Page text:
Patched Router Not Really Patched

Tuesday, April 22, 2014 @ 05:04 PM gHale

It all started when security systems’ engineer and researcher Eloi Vanderbeken found a backdoor in his own Linksys router at Christmas time.

He then asked other security researchers to check what other routers have the same backdoor. The results of that ad hoc investigation ended up showing that 24 DSL router models from Cisco, Linksys, Netgear, and Diamond were vulnerable.

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The backdoor ended up tied to Sercomm, the company that builds these routers for the companies. A month after the discovery, those companies pushed out a new version of the firmware that closed the backdoor. Or did they?

During downtime on another holiday, Vanderbeken discovered on Easter the backdoor binary is still present in the new firmware version and the backdoor on port 32764 can end up “opened” by sending a specific network packet to the router, he said.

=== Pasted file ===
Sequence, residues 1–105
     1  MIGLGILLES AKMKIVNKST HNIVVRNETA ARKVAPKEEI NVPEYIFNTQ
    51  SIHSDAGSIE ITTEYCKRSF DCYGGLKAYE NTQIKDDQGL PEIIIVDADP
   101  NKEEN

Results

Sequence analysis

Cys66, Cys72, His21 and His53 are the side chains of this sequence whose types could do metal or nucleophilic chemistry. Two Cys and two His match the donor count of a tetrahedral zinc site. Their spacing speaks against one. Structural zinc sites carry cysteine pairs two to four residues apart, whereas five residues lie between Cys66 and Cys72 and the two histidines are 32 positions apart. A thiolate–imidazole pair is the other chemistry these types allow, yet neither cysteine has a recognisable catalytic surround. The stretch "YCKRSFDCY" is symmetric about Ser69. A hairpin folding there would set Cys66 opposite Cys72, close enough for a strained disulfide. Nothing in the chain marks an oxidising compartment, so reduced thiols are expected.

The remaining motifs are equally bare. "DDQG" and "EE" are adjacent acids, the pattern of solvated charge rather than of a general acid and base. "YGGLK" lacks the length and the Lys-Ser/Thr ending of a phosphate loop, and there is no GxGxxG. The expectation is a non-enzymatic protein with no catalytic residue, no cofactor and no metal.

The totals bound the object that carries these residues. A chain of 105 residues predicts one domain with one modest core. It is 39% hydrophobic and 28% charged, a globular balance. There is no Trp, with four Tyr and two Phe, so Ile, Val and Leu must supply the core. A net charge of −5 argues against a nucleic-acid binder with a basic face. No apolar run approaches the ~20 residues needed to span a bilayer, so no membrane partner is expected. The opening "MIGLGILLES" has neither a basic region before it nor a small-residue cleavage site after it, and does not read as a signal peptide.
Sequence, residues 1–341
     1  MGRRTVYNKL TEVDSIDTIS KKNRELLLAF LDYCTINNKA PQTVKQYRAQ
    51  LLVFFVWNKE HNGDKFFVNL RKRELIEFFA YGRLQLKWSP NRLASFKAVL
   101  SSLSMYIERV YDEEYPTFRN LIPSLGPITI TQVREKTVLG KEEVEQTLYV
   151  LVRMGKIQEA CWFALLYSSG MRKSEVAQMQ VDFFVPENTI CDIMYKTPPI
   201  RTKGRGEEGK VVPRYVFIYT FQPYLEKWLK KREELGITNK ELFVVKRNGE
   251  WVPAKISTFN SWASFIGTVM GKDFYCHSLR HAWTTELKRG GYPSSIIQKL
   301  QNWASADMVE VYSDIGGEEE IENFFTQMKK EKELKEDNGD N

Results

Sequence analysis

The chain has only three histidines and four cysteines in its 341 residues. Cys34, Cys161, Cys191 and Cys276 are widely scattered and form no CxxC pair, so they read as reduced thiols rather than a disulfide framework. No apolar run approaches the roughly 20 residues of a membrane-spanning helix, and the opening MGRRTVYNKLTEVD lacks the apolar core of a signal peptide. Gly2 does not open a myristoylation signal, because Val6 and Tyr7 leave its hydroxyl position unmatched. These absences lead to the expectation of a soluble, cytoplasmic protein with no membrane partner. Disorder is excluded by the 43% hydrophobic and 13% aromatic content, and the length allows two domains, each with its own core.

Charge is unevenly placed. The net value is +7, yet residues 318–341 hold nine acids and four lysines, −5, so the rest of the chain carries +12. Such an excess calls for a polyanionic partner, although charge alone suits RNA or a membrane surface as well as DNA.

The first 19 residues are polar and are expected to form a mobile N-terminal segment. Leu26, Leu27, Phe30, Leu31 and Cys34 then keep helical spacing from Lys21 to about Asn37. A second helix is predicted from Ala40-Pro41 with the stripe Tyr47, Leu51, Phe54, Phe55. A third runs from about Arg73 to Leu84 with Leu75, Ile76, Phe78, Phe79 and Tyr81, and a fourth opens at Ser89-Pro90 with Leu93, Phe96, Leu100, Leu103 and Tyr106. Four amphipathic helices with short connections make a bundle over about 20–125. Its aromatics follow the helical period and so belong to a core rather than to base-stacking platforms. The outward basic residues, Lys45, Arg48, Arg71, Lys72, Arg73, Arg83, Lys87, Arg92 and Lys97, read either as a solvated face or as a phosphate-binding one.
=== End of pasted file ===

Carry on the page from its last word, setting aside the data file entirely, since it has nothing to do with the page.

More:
He proved the matter by publishing PoC exploit code based on earlier code created by Wilmer van der Gaast, which delivers an MD5 hash of the router’s model number.

In order for the packet to deliver this payload, it has to be a raw Ethernet packet sent either from the local LAN or the ISP, so remote, random attacks are unlikely.

Once the backdoor opens again, it allows attackers to reset the devices’ configuration to factory settings and, consequently, to the default router administration username and password.

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